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Small Business Innovation Research Program (SBIR): How it Works and How to Qualify

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Small Business Innovation Research Program (SBIR): How it Works and How to Qualify

By plester, Former Contributor
Published: July 7, 2014 Updated: July 7, 2014

Small businesses are the key to advancing America’s economy by bringing cutting-edge, high-impact technologies to the marketplace that improve health care, strengthen our military and protect the environment. However, small businesses often have difficulty competing with larger technology companies due to lack of capital for research and development (R&D) work that is critical for moving products from the planning to deployment stages. 

To help entrepreneurs successfully commercialize their products and services, the federal government established the Small Business Innovation Research/Small Business Technology Transfer program, commonly known as SBIR. Eleven federal agencies including the departments of Health and Human Services, Defense and Energy participate in SBIR, which provide small businesses competitive funding for projects that meet government research needs and boost technological innovation in the public and private sectors. The Small Business Administration doesn’t directly administer the SBIR funding awards, but it oversees and manages the SBIR program by coordinating with other agencies, reviewing progress and reporting to Congress.

Much like the product development process, SBIR is structured in phases:

  • Phase 1 establishes the technical merit, feasibility and commercial potential of products or services and lasts for six months.
  • Phase 2 supports continued R&D efforts and extends up to two years. Funding levels are based on the success of Phase 1 work.
  • Phase 3 enables the small businesses to commercialize products or services. Although SBIR does not fund Phase 3, some federal agencies may provide additional financial assistance for products and services that help achieve government research goals.

To be eligible for SBIR assistance, businesses must:

  • Be organized for profit and be located in the United States.
  • Be at least 50% owned and controlled by U.S. citizens or permanent residents.  
  • Have no more than 500 employees.
  • Not be controlled by a venture capital firm, hedge fund or private equity firm that owns a majority of the stock.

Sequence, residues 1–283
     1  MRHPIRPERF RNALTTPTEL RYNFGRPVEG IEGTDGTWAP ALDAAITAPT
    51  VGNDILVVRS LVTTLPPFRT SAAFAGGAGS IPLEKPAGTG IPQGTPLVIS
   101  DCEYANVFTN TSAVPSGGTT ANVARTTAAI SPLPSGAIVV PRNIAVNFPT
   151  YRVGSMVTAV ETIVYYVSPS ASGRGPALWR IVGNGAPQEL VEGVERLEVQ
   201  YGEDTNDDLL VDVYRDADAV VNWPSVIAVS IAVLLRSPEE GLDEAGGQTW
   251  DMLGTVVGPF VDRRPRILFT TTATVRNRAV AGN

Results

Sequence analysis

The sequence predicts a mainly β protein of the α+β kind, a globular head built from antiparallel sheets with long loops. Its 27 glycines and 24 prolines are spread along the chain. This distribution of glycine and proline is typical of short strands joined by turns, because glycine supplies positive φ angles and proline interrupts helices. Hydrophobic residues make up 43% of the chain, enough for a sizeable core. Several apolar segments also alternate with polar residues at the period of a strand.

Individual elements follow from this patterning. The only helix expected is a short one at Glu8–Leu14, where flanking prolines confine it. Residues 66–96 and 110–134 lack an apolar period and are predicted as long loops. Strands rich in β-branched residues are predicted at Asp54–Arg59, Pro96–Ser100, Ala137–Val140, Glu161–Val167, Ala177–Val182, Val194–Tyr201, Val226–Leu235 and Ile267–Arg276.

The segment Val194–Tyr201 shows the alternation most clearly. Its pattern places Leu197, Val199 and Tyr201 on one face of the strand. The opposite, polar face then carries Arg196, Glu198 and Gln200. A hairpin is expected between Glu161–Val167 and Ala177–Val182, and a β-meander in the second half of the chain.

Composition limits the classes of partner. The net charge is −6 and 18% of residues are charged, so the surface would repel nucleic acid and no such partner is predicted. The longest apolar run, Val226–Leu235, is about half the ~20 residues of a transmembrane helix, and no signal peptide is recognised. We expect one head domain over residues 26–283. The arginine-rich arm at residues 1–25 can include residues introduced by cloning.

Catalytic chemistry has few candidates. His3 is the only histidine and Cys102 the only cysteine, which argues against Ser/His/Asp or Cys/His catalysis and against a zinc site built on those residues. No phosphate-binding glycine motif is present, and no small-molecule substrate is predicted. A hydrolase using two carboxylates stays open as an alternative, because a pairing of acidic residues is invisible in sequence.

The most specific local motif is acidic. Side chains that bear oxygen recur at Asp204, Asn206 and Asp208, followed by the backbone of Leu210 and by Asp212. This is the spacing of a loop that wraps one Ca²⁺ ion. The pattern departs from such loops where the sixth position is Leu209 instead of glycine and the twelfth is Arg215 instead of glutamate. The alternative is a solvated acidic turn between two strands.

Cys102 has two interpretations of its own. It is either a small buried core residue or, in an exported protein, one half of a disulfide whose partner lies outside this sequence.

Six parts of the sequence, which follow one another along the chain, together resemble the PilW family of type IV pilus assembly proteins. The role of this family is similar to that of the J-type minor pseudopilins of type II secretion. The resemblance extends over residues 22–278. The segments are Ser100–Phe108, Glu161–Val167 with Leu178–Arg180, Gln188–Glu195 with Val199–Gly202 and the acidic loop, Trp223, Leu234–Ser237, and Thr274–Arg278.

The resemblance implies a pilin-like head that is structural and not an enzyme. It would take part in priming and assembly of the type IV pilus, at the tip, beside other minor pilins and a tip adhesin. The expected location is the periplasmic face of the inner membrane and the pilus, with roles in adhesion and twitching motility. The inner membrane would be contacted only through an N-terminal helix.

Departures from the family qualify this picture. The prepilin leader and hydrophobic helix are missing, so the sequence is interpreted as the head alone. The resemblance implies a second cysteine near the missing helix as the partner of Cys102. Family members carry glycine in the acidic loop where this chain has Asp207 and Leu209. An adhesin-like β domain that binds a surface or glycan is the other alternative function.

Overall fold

Learn more about eligibility requirements and explore open and future solicitations from agencies throughout the federal government to find SBIR funding opportunities for your small business. Also, go to SBIR.gov for more information about the program including small business success stories, free upcoming events and webinars and email updates from the Small Business Administration.

About the Author:

Paul Lester

Former Contributor

I am an author for the the SBA.gov Community, writing about topics that matter to you as a small business owner. Our ongoing goal is to improve this site to meet your needs, so we're happy to receive your feedback and participation. Thanks for joining our online Community here at SBA.gov!


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We believe or corporation is eligible for SBIR assistance and our products will qualify for R&D grant monies, but we need a good SBIR grant writer for application submission. Can anyone suggest anyone?
Great article, thanks for sharing this with us. I totally agree, small businesses are the way of the future, we need to take more care in our family run and local businesses. Sometimes the giants can get too big for their boots and it harms not only locals to the business but people in other countries as well.
Great read. Thank you for the information.
Very helpful blog post. Funding for research and development is definitely a problem for many small firms. I am definitely interested in a program like this and I am grateful for the information. Thank youfor letting folks know about this!
Lacking funding for research and development is definitely a problem for many a small business, mine included. I am definitely interested in a program like this and I am grateful for the information. Thank you.
I would like to learn about a previous experience working with SBIR. Can somebody shear his experience and provide tips? Fernando Perez Manger
Seems like a good program. I just highly doubt most businesses have a chance of getting this. There's always a perk for the organization giving the grant.
The SBIR and its sister STTR programs are great ways for small businesses to procure funding for R&D - not to mention ways for new businesses to fund new ideas. And, not only can you help these departments solve some of their needs and get funding to do it, but, these government entities will become some of your first customers - not a bad trade off.


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